Bercow hits out at ‘woefully substandard’ crematorium plans

MP John Bercow
MP John Bercow

Plans for a crematorium in Bierton have been slammed by House of Commons’ speaker John Bercow.

The village falls into the MP’s constituency and he has branded the blueprints by Chiltern Crematorium Joint Committee, which includes Aylesbury Vale District Council, as ‘woefully substandard’.

The proposals for Cane End Lane, close to the Hulcott crossroads junction, were unveiled in February and will be debated by the district council’s strategic development control committee on Wednesday.

Planning officers at the council have recommended the proposal be approved, leading to opponents accusing the authority of rubber stamping its own application.

There are also two rival plans for crematoriums in Watermead and Little Kimble, which would be unlikely to get the green light if Bierton is approved.

Richard Evans, managing director of the Westerleigh Group which is behind the Watermead proposal, said, “When it comes to determining our application, the council has a conflict of interest and we would rather see the decision being taken by an independent body.”

In a letter addressed to the council, Mr Bercow said he had been contacted by a number of his constituents regarding the Bierton plans who were concerned over the potential for traffic headaches at the crematorium, which would hold up to 1,000 funerals a year.

He said: “The site is not readily accessible by public transport as there is only one, infrequent bus service along the A418.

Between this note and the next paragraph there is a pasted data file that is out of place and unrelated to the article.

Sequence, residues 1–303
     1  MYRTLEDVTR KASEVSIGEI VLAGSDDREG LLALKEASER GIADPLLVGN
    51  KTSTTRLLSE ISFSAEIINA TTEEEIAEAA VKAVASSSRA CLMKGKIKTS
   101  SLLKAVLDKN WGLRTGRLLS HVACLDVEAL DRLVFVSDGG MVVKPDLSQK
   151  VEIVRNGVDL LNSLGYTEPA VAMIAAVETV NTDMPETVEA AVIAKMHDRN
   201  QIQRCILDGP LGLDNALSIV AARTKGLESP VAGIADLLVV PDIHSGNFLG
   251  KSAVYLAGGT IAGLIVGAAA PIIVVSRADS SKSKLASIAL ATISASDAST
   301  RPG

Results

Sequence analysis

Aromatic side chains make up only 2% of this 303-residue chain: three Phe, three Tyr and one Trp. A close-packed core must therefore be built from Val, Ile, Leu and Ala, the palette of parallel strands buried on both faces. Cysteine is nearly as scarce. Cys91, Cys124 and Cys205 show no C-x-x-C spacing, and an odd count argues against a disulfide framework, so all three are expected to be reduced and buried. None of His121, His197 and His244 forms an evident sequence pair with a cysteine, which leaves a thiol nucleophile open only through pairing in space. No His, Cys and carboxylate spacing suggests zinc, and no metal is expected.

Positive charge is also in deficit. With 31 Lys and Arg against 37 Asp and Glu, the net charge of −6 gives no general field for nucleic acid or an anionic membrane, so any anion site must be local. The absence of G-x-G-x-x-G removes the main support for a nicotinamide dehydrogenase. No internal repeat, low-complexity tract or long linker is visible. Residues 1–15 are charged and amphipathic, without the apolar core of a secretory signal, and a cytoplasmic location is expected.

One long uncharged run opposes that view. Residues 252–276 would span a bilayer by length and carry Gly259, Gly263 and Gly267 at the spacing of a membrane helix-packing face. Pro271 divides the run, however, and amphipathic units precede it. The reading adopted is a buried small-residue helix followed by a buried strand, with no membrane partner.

“Furthermore, I have concerns that, should the proposal go ahead, all traffic – both vehicle and pedestrian – would access and leave the site via Cane End Lane.

“Local residents assure me that Cane End Lane could not cope with this volume of traffic, and it would actually prove dangerous.”

The plans are for a single chapel crematorium, private and remembrance gardens, associated cortege facilities and parking.

Villagers have suggested blocking off Rowsham Road to traffic, putting up appropriate signage road and the installation of a roundabout at the ‘dangerous’ junction as ways to mitigate against the crematorium’s impact.

As well as road woes, other feedback from the public meeting in March saw villagers concerned that the funeral processions would ‘traumatise’ local childrenas they watched the hearses drive past.

Subject to planning permission, construction work is expected to begin next year with the crematorium set to start operating in 2016.